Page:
Western red cedar has an innate decay resistance, especially its heartwood. Heartwood, by the way, is the inner section or the “heart” (or core) of a tree trunk. In addition, it’s this part of the tree that’s not only more decay-resistant but also denser and darker.
The Western red cedar also boasts of having tight fibers and grain patterns. Compared to other softwoods, it has far fewer knots. All these contribute to its impressive resistance to decay and rot.
Scientists also say that some types of red cedar have high termite resistance. This is great news for homeowners in Texas, as the state is also home to two of the most damaging termite species.
The tight fibers of the Western red cedar also protect it from moisture issues. Its compact fibrous structure helps it resist excessive dampness. This also gives the wood excellent thermal properties, such as a low risk for heat expansion.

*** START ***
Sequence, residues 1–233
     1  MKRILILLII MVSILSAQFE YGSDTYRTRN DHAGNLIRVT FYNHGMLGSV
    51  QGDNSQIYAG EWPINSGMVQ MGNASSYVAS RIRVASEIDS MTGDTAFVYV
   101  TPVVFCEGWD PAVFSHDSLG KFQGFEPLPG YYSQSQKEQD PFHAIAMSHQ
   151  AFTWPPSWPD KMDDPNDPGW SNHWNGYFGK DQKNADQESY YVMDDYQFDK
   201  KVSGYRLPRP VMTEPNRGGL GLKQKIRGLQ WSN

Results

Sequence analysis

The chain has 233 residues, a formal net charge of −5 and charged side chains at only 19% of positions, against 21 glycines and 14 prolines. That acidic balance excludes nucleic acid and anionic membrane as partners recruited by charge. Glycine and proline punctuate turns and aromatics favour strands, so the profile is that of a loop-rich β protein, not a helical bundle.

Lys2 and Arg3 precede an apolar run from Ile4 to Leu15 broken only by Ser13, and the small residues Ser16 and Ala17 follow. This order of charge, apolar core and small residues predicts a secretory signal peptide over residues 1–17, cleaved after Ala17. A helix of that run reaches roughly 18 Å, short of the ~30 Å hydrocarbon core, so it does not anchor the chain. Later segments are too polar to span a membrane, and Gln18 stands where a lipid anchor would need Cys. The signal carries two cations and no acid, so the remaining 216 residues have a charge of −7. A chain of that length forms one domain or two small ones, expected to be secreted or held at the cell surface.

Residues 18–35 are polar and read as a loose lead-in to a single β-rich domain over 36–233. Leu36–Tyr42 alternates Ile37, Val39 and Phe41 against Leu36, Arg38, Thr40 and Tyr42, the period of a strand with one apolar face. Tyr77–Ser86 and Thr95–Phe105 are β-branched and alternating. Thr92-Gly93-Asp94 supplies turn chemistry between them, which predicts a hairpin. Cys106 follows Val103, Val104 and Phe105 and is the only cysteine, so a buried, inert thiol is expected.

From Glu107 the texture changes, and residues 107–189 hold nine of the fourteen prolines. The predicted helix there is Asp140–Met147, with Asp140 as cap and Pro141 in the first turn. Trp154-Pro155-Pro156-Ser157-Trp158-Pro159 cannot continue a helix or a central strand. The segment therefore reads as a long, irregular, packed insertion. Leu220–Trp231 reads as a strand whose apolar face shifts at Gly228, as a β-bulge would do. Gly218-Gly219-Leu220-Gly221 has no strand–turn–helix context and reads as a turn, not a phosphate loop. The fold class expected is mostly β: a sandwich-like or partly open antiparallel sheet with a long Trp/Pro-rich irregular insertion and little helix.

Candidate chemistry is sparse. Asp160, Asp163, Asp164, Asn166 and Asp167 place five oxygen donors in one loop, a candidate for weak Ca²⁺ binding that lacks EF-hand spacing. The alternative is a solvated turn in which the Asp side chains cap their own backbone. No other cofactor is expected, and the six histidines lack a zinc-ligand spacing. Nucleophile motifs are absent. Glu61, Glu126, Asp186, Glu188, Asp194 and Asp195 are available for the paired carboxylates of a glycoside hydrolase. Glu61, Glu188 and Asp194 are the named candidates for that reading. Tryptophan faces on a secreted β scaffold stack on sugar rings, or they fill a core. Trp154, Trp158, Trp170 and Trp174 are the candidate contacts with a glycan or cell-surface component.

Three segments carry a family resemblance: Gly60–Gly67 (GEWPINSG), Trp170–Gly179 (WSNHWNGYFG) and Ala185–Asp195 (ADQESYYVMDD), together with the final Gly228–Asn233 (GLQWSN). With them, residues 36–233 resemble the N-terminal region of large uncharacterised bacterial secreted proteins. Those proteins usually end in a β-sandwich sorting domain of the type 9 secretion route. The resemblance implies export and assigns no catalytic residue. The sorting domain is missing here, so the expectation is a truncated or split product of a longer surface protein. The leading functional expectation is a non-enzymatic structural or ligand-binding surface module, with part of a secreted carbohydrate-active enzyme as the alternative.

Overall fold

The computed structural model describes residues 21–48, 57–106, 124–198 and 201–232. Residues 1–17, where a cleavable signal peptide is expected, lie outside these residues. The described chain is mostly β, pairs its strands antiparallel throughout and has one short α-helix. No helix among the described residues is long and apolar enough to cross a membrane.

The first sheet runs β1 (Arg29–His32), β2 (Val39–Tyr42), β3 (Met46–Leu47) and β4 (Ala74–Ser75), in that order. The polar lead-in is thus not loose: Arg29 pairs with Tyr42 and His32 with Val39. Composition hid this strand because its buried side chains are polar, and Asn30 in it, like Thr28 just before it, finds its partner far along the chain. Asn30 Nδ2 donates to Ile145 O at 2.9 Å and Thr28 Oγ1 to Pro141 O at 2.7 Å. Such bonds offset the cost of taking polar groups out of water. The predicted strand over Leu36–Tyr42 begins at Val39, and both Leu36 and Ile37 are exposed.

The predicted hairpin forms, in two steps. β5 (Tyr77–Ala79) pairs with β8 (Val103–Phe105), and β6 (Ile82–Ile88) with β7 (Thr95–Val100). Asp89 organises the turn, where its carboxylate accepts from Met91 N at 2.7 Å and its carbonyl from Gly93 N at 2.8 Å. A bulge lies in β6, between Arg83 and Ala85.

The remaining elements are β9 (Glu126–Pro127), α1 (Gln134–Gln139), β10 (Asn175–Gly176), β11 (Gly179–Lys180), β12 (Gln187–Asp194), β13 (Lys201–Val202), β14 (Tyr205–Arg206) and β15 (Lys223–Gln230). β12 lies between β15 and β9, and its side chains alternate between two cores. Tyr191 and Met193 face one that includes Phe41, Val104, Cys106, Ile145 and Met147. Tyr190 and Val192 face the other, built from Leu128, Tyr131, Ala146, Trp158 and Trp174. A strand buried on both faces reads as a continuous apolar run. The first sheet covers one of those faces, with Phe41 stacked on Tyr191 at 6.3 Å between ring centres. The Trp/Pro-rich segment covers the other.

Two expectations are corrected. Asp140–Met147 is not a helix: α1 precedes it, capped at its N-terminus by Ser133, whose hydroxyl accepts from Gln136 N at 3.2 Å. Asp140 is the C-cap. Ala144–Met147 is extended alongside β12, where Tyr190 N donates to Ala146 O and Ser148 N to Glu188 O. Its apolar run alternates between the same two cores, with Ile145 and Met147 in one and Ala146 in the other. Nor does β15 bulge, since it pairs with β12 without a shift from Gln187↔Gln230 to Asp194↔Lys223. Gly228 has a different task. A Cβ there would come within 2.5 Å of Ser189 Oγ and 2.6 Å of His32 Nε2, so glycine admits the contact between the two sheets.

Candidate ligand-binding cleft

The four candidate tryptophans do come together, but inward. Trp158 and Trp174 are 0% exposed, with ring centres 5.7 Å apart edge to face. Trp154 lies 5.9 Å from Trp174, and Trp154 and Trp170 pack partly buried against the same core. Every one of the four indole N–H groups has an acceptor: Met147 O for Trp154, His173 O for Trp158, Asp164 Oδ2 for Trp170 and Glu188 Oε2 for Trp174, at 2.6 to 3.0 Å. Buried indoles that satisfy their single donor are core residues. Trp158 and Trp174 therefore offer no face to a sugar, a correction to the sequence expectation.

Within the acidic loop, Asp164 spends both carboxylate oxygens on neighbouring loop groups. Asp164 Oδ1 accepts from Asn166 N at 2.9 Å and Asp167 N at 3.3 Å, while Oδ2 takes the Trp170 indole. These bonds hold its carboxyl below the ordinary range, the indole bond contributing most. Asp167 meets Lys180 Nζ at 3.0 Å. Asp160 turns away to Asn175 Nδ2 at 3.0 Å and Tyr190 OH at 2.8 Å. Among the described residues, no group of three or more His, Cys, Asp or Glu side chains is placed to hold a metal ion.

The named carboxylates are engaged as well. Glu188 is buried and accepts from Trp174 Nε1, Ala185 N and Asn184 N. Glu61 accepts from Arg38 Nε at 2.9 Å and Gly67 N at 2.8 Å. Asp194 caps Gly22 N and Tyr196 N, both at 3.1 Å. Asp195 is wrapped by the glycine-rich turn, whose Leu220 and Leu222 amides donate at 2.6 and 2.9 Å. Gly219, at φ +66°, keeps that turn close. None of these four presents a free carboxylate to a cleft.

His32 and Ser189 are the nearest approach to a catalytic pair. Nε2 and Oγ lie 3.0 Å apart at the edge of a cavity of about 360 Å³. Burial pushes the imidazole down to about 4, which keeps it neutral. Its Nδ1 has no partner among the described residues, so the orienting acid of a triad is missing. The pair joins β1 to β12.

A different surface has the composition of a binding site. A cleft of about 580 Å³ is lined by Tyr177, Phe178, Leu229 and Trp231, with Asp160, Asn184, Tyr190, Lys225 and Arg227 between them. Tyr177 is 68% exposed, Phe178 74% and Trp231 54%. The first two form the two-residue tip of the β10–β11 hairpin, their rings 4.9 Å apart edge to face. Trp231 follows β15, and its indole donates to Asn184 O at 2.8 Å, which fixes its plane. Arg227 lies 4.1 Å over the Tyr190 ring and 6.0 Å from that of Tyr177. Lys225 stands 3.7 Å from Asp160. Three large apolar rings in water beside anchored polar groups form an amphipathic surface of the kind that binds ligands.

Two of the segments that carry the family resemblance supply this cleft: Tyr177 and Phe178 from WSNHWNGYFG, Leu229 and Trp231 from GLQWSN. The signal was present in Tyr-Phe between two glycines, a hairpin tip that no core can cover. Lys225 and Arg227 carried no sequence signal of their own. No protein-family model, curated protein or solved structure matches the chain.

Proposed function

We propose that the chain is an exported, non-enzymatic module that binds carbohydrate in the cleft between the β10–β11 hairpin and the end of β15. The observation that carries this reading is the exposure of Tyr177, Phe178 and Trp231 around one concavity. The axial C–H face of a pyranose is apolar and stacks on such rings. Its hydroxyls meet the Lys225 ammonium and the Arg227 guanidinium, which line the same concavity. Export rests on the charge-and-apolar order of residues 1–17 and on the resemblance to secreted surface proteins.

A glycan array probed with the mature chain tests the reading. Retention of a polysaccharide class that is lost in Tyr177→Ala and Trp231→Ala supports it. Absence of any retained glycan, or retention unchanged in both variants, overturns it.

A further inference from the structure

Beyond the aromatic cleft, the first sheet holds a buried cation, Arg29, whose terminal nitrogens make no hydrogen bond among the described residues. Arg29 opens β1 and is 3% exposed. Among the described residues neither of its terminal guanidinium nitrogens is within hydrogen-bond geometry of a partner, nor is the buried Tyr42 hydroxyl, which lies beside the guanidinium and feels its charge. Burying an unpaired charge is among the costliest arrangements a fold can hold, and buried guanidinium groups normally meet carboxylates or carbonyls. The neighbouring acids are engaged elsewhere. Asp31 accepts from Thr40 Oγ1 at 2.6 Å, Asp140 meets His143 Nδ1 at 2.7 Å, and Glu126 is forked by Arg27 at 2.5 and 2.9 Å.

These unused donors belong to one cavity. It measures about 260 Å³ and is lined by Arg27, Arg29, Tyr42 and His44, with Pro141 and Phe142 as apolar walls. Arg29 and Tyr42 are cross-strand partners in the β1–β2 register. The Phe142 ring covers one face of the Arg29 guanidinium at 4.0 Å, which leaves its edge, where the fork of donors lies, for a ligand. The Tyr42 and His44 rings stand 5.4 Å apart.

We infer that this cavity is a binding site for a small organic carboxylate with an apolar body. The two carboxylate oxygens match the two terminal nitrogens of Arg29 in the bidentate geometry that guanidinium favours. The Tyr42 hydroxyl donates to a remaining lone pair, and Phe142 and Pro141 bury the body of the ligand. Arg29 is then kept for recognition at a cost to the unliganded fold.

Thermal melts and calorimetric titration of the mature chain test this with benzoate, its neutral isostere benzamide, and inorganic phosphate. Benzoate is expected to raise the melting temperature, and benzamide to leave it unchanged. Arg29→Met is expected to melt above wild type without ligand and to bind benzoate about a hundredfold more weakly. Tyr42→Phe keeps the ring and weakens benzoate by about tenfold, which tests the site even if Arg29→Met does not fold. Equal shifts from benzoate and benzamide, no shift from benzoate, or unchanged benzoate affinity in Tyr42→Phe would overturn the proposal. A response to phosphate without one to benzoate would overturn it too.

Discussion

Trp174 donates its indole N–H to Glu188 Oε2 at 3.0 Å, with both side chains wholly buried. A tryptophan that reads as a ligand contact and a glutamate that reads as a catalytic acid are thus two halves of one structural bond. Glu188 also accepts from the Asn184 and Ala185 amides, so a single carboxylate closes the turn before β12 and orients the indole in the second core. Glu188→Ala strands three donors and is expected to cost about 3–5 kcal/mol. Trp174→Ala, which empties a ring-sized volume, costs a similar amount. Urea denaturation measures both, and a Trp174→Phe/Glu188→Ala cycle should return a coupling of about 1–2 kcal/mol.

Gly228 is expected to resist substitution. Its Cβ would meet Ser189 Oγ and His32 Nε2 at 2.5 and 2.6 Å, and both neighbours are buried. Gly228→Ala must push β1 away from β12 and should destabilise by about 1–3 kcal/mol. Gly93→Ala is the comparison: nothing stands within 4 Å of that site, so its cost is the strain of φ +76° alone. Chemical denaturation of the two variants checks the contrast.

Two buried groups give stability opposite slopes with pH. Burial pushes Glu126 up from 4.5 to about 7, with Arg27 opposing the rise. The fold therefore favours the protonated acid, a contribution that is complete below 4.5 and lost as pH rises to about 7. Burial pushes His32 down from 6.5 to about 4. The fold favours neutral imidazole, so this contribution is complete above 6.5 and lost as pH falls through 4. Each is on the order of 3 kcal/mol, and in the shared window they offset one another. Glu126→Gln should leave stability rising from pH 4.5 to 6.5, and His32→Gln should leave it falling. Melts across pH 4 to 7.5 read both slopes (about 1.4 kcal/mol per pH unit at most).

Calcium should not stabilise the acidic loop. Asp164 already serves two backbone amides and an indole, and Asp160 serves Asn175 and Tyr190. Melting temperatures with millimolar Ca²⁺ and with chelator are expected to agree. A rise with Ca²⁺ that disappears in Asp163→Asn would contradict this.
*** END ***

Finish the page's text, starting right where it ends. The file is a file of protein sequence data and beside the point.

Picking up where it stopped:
All in all, the Western red cedar is one of, if not the most stable of all species of softwood. Moreover, it’s very lightweight, despite its incredible durability and longevity.
Plus, Western red cedar looks fantastic, so a fence made from it will no doubt boost your home’s curb appeal.
With all these benefits, however, expect the wood fence installation to be on the pricey side. Its average cost (per 6-foot tall picket) runs between $6 and $8. So, if you need at least 200 pickets, you may spend anywhere from $1,200 to $1,600 for a DIY fence.
Some of the Sequoia sempervirens redwood species are very resistant to decay fungi. Again, this goes true only for the heartwood of the tree trunk. Untreated redwood sapwood offers very little rot resistance.
Note that sapwood is the outer portion of a tree trunk where water passes from the roots all the way to the leaves. As such, it has much more significant water content than heartwood.